News and Views from the
TYNESIDE SOCIETY of MODEL and EXPERIMENTAL ENGINEERS
October wasn’t a bad month weather-wise, though the first Sunday was a bit of a shocker after the previous one when Jim Stephenson evidently smiled down on the righteous.
Most club days have seen a goodly turnout of stalwarts, all still prepared to (mostly) brave the outdoors. Locomotives have been seen running on all tracks and site works have been progressed.
With reluctance, a Christmas Tea will not be held again this year. Although the Clubhouse is open, albeit cold and draughty, it will only comfortably hold a dozen or so people if some measure of social distancing is to be maintained.
Steve Lowe continues his tidy-up of the workshop and its facilities. It seems there’s been a floor in there all along …
Norman Blacklock and John Lazzari are busy fitting the hydraulic ram to the scissor lift so it can be left in-situ permanently. A lockable steel cover will protect it when not in use.
Signalling Upgrade – Ground Level Railway
The relay interlock system fitted to the ground level railway electro-pneumatic points is now operational and should be activated when signals are rigged and more than one locomotive is operating. The system is designed to prevent inadvertent point movements during the passage of a train over a point, this being detected by track switches built into the railhead. Most track switches have an associated colour light signal nearby.
Careful positioning of the track switches has also provided “block sections”, the track switches controlling both block entry and exit. The current upgrade will use these block sections to ensure that the associated signals prevent following trains from entering an occupied section. Essential with a train stopped in the station but also a useful way of maintaining adequate separation between following trains.
Currently the Signalman has direct control over just three signals; the others are set automatically by the point selection. Manual switches will be added to the mimic panel to allow the Signalman to force a red aspect on any signal if required.
Garden Railway Extension
Work has started on extending the garden railway. The extension will roughly double the track length and improve the steaming- and storage siding capacity. The sketch below shows how the new track connects to the present layout.
Limiting factors affecting the final design were :- incorporating as much of the existing layout as possible, maintaining the minimum radius of curves, proximity to the hedge for gardening purposes and keeping good clearance from the ground-level track railing. A further complication was the position of the underground mains cable from the footway box to the Clubhouse (located courtesy of Jim Scott’s archive photographs) which runs along. but not parallel to, the hedge. None-the-less, the final scheme matches the original idea quite closely.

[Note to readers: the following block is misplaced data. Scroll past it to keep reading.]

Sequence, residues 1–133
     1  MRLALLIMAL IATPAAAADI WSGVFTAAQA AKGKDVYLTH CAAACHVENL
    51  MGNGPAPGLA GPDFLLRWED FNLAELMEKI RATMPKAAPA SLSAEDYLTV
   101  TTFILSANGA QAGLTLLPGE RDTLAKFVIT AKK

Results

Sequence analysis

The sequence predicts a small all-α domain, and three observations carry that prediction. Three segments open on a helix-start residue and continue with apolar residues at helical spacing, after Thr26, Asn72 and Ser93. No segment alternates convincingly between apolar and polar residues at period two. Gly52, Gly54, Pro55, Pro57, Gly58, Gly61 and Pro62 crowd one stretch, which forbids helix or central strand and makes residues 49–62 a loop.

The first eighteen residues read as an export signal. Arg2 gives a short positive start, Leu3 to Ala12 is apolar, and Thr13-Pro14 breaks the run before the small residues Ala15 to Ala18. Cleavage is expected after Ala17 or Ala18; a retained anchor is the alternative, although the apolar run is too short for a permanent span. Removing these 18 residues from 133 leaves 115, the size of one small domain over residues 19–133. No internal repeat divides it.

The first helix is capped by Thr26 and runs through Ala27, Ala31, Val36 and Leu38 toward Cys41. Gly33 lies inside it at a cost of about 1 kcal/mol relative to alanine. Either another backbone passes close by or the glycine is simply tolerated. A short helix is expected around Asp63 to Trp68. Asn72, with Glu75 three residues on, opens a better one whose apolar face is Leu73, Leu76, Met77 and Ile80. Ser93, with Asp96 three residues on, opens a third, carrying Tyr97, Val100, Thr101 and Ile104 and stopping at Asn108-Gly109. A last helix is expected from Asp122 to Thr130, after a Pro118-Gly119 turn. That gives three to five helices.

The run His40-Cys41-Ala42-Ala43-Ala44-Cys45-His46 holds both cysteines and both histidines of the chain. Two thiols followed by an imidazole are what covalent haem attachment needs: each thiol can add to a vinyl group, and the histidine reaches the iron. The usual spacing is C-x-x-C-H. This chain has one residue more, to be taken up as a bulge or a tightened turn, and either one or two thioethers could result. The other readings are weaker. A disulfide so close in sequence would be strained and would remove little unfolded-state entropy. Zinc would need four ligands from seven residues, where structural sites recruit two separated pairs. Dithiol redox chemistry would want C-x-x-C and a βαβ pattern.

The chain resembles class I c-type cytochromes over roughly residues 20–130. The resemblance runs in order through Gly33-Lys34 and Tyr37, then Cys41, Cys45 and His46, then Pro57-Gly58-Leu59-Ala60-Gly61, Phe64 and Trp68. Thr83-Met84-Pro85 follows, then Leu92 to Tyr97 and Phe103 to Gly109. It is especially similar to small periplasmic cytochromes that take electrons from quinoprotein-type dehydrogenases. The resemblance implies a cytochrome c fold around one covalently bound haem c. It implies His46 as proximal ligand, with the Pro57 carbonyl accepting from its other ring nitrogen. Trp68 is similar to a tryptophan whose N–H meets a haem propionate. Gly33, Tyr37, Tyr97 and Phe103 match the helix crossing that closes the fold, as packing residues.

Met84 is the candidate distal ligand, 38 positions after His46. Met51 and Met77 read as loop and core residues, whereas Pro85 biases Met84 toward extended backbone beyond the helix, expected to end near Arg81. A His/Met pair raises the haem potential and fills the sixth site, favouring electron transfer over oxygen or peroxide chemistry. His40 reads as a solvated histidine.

Marking out the ground for the new base slab began in August, and digging started in September. One unexpected find was a concrete slab, a relic of the Club’s original steaming bays, and this was broken up and removed. Further work was postponed until after Jim Stephenson’s memorial day. October saw work recommence with the remaining turf sliced off and a trench around the perimeter of the new slab dug out to the required depth to establish the slab boundary and level.
In the background, estimates were made of all the materials required to build the new steel support frames. This was ordered, along with the rebar for the new slab, and has now arrived on site.
On November 2nd, a mini digger arrived to dig out the pit for the new slab. All the rubbish around was cleared and everything was piled against the hedge. This will be removed in due course by a grab-lorry from the Town Moor side,
All the turf and a lot of the topsoil has been re-used elsewhere on site to even out the grounds. More topsoil has been retained for remediation purposes once the slab is cast.
Honourable mention must be made of Dave Nesbitt who took the original plan and turned it into a workable and detailed scheme, estimated all the materials required and organised the ordering and delivery, and did much of the initial digging. Able assistance was provided by Jim Scott, Lindsay Oliver, Robert Hopper and River Temlett. Stu Davidson organised the digger.
Junior Engineer Sam Yeeles continues his run of having his line-side photographs published.
Welcome to River Temlett, who joined us recently. River hails from darn sarf and is a member of the Surrey Society of Model Engineers. He is reading Marine Technology at Newcastle University..
Urban Green, the body now responsible for running Newcastle’s parks, has announced events in November (14th) and December (28th) which will have some impact on vehicular access to the Club. Whilst the road will not be closed at any time, users are asked to be extra vigilant and ensure they observe the speed limit at all times and have their hazard lights on.
That’s it for another month, and a tad late. I waited for the last-minute rush of copy for publication, but, guess what, nothing arrived apart from Jim Scott’s update on signalling. Ah well, I work with what I have. Hope springs eternal that there will be ample material for a bumper December/Christmas issue, so get writing ….
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Headquarters and Multi-gauge Track – Exhibition Park, Newcastle upon Tyne NE2 4PZ